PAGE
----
Assuming that a limited partner does not participate in the control of our business within the meaning of the Delaware Revised Uniform Limited
Partnership Act, or the Delaware Act, and that it otherwise acts in conformity with the provisions of our partnership agreement, the limited partners liability under the Delaware Act will be limited, subject to possible exceptions, to the
amount of capital such limited partner is obligated to contribute to us for its common units plus such limited partners share of any undistributed profits and assets and any funds wrongfully distributed to it as described below. If it were
determined, however, that the right, or exercise of the right, by our limited partners as a group to remove or replace our general partner, to approve certain amendments to our partnership agreement or to take any other action under our partnership
agreement constituted participation in the control of our business for the purposes of the Delaware Act, then the limited partners could be held personally liable for our obligations under the laws of Delaware, to the same extent as our
general partner. This liability would extend to persons who transact business with us who reasonably believe that a limited partner is a general partner based on such limited partners conduct. Neither our partnership agreement nor the Delaware
Act specifically provides for legal recourse against our general partner if a limited partner were to lose limited liability through any fault of our general partner. While this does not mean that a limited partner could not seek legal recourse, we
know of no precedent for this type of a claim in Delaware case law.
Under the Delaware Act, a limited partnership may not make a
distribution to a partner if, after the distribution, all liabilities of the limited partnership, other than liabilities to partners on account of their partnership interests and liabilities for which the recourse of creditors is limited to specific
property of the limited partnership, would exceed the fair value of the assets of the limited partnership. For the purpose of determining the fair value of the assets of a limited partnership, the Delaware Act provides that the fair value of
property subject to liability for which recourse of creditors is limited will be included in the assets of the limited partnership only to the extent that the fair value of that property exceeds the nonrecourse liability. The Delaware Act provides
that a limited partner who receives a distribution and knew at the time of the distribution that the distribution was in violation of the Delaware Act will be liable to the limited partnership for the amount of the distribution; provided, however,
that such limited partner will have no liability for the amount of the distribution after the expiration of three years from the date of the distribution. Under the Delaware Act, an assignee who becomes a substituted limited partner of a limited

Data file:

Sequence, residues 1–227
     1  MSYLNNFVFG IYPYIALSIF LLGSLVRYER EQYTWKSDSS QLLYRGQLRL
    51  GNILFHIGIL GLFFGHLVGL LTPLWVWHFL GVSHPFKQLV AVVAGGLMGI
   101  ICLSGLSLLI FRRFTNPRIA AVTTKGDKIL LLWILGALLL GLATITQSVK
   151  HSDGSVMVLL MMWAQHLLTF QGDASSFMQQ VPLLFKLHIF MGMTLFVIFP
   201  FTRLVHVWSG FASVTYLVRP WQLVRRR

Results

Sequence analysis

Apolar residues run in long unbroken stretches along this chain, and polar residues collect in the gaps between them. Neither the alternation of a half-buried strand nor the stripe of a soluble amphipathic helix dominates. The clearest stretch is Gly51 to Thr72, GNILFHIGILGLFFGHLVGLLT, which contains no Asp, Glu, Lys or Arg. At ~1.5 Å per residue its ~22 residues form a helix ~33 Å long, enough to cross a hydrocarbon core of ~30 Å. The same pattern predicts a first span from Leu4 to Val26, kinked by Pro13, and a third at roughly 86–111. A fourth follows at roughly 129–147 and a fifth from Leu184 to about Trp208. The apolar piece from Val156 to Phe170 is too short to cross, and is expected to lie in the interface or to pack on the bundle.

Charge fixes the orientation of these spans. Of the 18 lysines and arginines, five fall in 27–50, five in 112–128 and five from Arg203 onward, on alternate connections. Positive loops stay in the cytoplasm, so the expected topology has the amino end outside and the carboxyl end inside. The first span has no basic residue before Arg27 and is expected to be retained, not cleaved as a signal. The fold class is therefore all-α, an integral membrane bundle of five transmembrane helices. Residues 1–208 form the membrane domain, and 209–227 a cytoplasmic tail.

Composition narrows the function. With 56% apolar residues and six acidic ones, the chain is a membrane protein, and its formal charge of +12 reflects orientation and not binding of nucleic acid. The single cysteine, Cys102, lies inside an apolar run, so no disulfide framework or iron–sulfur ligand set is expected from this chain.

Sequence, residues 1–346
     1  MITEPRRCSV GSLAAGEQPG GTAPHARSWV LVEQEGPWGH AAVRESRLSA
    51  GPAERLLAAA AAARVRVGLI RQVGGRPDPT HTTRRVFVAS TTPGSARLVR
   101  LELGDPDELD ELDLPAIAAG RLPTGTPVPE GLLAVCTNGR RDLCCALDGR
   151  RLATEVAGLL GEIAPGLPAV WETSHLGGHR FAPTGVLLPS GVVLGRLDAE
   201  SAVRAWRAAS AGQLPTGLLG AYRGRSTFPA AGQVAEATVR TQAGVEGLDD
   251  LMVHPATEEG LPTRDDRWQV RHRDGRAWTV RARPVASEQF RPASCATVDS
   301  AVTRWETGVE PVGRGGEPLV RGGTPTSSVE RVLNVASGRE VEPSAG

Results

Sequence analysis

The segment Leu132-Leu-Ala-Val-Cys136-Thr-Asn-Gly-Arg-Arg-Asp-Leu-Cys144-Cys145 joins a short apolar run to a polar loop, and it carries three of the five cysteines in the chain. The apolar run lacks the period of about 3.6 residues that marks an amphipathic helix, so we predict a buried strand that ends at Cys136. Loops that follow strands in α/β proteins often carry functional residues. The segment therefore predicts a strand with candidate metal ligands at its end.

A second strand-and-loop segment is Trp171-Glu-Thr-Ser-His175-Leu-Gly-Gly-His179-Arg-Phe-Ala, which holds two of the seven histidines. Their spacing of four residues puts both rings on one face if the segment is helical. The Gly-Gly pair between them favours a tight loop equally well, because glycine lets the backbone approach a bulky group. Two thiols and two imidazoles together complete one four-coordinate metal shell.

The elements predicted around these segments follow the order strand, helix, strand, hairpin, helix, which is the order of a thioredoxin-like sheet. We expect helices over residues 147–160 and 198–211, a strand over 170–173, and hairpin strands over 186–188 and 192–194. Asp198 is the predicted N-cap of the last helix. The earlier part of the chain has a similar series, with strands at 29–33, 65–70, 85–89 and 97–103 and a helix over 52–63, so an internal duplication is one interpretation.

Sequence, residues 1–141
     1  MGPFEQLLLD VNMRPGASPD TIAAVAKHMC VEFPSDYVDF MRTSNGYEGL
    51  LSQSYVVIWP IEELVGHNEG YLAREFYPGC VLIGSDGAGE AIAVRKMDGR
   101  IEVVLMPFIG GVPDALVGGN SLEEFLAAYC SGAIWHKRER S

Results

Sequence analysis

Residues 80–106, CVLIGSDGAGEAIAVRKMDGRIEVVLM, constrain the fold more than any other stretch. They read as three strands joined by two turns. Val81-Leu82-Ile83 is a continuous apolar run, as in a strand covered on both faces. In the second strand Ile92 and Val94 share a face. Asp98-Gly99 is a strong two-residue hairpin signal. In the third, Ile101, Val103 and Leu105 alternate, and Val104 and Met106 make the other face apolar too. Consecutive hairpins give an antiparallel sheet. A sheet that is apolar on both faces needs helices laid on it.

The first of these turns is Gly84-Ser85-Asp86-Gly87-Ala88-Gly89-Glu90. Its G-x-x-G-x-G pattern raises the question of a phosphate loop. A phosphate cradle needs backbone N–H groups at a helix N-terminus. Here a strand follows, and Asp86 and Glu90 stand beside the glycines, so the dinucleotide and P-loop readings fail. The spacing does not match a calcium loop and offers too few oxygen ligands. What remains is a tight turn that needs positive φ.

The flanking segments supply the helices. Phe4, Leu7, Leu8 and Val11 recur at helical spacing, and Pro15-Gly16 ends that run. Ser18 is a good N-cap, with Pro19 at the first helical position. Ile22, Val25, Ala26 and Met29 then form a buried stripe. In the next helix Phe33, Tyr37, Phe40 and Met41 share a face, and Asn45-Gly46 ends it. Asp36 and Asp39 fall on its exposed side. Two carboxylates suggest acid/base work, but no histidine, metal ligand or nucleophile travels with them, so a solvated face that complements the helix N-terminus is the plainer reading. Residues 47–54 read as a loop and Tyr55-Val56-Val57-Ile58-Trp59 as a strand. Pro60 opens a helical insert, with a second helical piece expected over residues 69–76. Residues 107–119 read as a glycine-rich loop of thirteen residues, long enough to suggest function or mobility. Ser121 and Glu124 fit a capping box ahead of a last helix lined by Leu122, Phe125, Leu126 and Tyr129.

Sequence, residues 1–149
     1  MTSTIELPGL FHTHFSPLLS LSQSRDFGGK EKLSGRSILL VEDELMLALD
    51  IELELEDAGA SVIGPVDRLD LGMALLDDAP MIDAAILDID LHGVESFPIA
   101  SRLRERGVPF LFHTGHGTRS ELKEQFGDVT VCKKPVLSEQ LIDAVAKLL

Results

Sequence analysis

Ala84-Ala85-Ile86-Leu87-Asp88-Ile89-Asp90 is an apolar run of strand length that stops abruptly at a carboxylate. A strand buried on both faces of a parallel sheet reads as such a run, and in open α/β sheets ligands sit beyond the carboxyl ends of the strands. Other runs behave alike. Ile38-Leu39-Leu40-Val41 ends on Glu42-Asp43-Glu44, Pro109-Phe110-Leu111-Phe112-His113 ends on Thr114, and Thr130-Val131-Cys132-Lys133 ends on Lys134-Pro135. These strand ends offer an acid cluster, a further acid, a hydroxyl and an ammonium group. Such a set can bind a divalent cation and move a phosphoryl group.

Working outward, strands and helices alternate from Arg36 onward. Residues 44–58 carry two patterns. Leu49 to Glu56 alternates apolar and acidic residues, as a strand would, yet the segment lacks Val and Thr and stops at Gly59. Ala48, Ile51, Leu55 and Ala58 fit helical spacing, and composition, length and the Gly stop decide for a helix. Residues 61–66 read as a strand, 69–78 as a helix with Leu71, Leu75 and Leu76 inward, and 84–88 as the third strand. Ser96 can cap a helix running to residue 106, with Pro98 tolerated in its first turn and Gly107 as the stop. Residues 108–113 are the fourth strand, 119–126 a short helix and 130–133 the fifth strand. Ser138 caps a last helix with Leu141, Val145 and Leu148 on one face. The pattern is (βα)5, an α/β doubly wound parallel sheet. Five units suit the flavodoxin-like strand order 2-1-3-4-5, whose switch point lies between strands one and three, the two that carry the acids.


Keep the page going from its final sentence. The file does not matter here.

partnership is liable for the obligations of its assignor to make contributions to the limited partnership, excluding any obligations of the assignor with respect to wrongful distributions, as described above, except the assignee is not obligated
for liabilities unknown to it at the time it became a limited partner and that could not be ascertained from the partnership agreement.
Our subsidiaries conduct business in multiple states. Maintenance of our limited liability as a limited partner or member of our subsidiaries
formed as limited partnerships or limited liability companies, respectively, may require compliance with legal requirements in the jurisdictions in which such subsidiaries conduct business, including qualifying our subsidiaries to do business there.
Limitations on the liability of a limited partner or member for the obligations of a limited partnership or limited liability company, respectively, have not been clearly established in many jurisdictions. If it were determined that we were, by
virtue of our limited partner interest or limited liability company interest in our subsidiaries or otherwise, conducting business in any state without compliance with the applicable limited partnership or limited liability company statute, or that
the right or exercise of the right by our limited partners as a group to remove or replace our general partner, to approve certain amendments to our partnership agreement or to take other action under our partnership agreement constituted
participation in the control of our business for purposes of the statutes of any relevant jurisdiction, then our limited partners could be held personally liable for our obligations under the law of that jurisdiction to the same extent
as our general partner under the circumstances. We will operate in a manner that our general partner considers reasonable and necessary or appropriate to preserve the limited liability of the limited partners.